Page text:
There are no moral victories, but UTSA fans should be extremely satisfied with how their Roadrunners competed at Kyle Field. They were never buried by the Aggies.
UTSA’s defense played lights out against the Fighting Texas Aggies, limiting them to just two touchdowns and forcing eight tackles behind the line of scrimmage. In what was predicted to be a 30-point blowout, A&M struggled to consistently move the ball against a defense made up of mostly underclassmen and first-time starters.
On the offensive side of the ball, however, UTSA’s offense was battered and beaten before the game began.
The two-headed monster of UTSA’s backfield was halved with tailback Jalen Rhodes healing a collarbone he bruised against Louisiana Tech last week, leaving starter Jarveon Williams to carry the majority of the load. He had some help from junior Tyrell Clay and freshman kick returner Matt Guidry. Guidry had himself a moment when he broke open a 22-yard gain at the end of the first quarter in route to UTSA’s first and only touchdown of the day.
Coach Frank Wilson said after the game that Rhodes “was dressed and ready to play, but not at the risk of jeopardizing his health.” Only if Williams would have gotten injured would Rhodes have gotten a snap. Wilson wants Rhodes at 100% when the Roadrunners play Charlotte for bowl eligibility.
To make matters even worse, UTSA’s first and second string centers - Juan Perez and Austin Pratt - both missed the trip to College Station nursing injuries of their own. Left guard Kyle McKinney had to take over as the leader of the offensive line for the first time ever, and it is said that he just learned how to snap the ball the previous Monday. He had about six or seven shaky snaps on the day, but should receive a lot of credit for running every single offensive play of the game.
One of those snaps turned into an Aggie-recovered fumble when UTSA was 30 yards away from making the game a one-possession contest in the fourth quarter.
The change did have a significant impact on UTSA’s ability to move the ball. A&M pass rusher Myles Garrett took full advantage of the line’s vulnerability as he sacked UTSA’s quarterbacks four and a half times.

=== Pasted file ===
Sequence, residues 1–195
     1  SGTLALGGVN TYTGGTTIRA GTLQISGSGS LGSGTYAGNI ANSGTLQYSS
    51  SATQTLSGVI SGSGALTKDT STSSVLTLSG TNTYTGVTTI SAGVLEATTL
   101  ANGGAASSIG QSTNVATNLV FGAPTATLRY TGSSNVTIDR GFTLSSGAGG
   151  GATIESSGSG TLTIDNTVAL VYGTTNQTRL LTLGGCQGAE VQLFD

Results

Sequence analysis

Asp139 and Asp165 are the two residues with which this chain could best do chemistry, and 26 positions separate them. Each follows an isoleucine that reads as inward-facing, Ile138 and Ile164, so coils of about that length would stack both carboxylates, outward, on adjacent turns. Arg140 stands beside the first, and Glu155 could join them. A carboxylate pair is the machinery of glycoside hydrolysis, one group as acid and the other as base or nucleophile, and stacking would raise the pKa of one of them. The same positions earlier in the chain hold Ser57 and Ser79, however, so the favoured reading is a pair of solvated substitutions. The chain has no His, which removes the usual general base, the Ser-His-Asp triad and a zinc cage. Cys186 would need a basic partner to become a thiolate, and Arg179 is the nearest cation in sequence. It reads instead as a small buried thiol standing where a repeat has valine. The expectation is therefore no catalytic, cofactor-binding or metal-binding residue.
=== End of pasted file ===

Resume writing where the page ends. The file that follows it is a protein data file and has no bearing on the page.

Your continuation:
UTSA’s quarterbacks played poorly against an injury-stricken A&M secondary. Starter Dalton Sturm struggled with his accuracy, only completing three of his seven passes for 18 yards. It wasn’t even the end of the first quarter when Sturm was sidelined for backup Jared Johnson. Johnson led UTSA downfield on his first drive, completing three of five passes for 32 yards and this:
Did you miss @UTSAFTBL's Josh Stewart channeling his inner Odell Beckham Jr.?— Campus Insiders (@CampusInsiders) November 20, 2016
We got you covered. pic.twitter.com/y00THHPdm7
"One of the best catches I have ever seen" -Mack Brown @ESPN_CoachMack— BootlegBentley (@bootlegbentley) November 19, 2016
Yes, that’s UTSA wide out Josh Stewart, the most talented wide receiver the Roadrunners football program has ever seen. He had six catches for 75 yards and A&M’s defensive backs had absolutely no answer for him. Credit to Johnson for putting it literally where only Stewart could catch it.
Stewart’s brother, Kerry Thomas, was second in receiving with four receptions for 62 yards and a mean stiff arm down the sideline in the third quarter.
This does create a head-scratching situation at quarterback as UTSA heads into the game that decides their first-ever bowl fate. Perhaps Johnson gets first-team reps this week and we see a five-day battle. Johnson wasn’t superb, especially in a collapsing pocket, but he wasn’t bad either. He finished 15 for 24 with 186 yards and that touchdown.
With the score at 10-7, the Roadrunners could have tied the game but UTSA failed to capitalize on an early interception during the previous drive. After converting on fourth and six, place kicker Victor Falcon missed a 44 yard field goal that could have made the game close early on. Sturm was taken out after completing just one pass through three attempts during that sequence.
The Roadrunners showed a lot of discipline, converting two of three fourth downs and only committing three penalties. One, of course, was a targeting penalty that resulted in an ejection, marking the fourth consecutive game UTSA has had a player ejected for targeting. Someone check if that’s a record. This time the culprit was sophomore safety Carl Austin on A&M’s first drive of the game. Sometimes this call is questionable but the replay clearly showed Austin guiding his helmet directly into that of A&M quarterback Jake Hubenak as he slid on a scramble.
Last week middle linebacker Josiah Tauaefa was ejected for targeting, causing him to miss the first half of the game against A&M. He returned in the second half to break UTSA’s single-season tackling record with 98 tackles. The previous record of 95 had been held since 2012 by Brandon Reeves. Tauaefa still has four quarters to raise that mark— not bad for his freshman campaign.
A 47-yard rushing touchdown by A&M’s Trayveon Williams sealed the victory for the Aggies, putting them up 23-7 at the end of the third quarter. He finished with eleven carries for 80 yards and Hubenak completed 19 of his 32 pass attempts with a touchdown of his own.
Defensive end Marcus Davenport led the way for UTSA’s defense, recording 11 tackles and a sack with safety Nate Gaines behind him with 10. Safety Jordan Moore also has shown a week-to-week progression as he was all over the place, tacking on eight tackles.
UTSA looks forward to their season finale against Charlotte as they will compete for their first-ever bowl bid in front of their home crowd at the Alamodome next Saturday.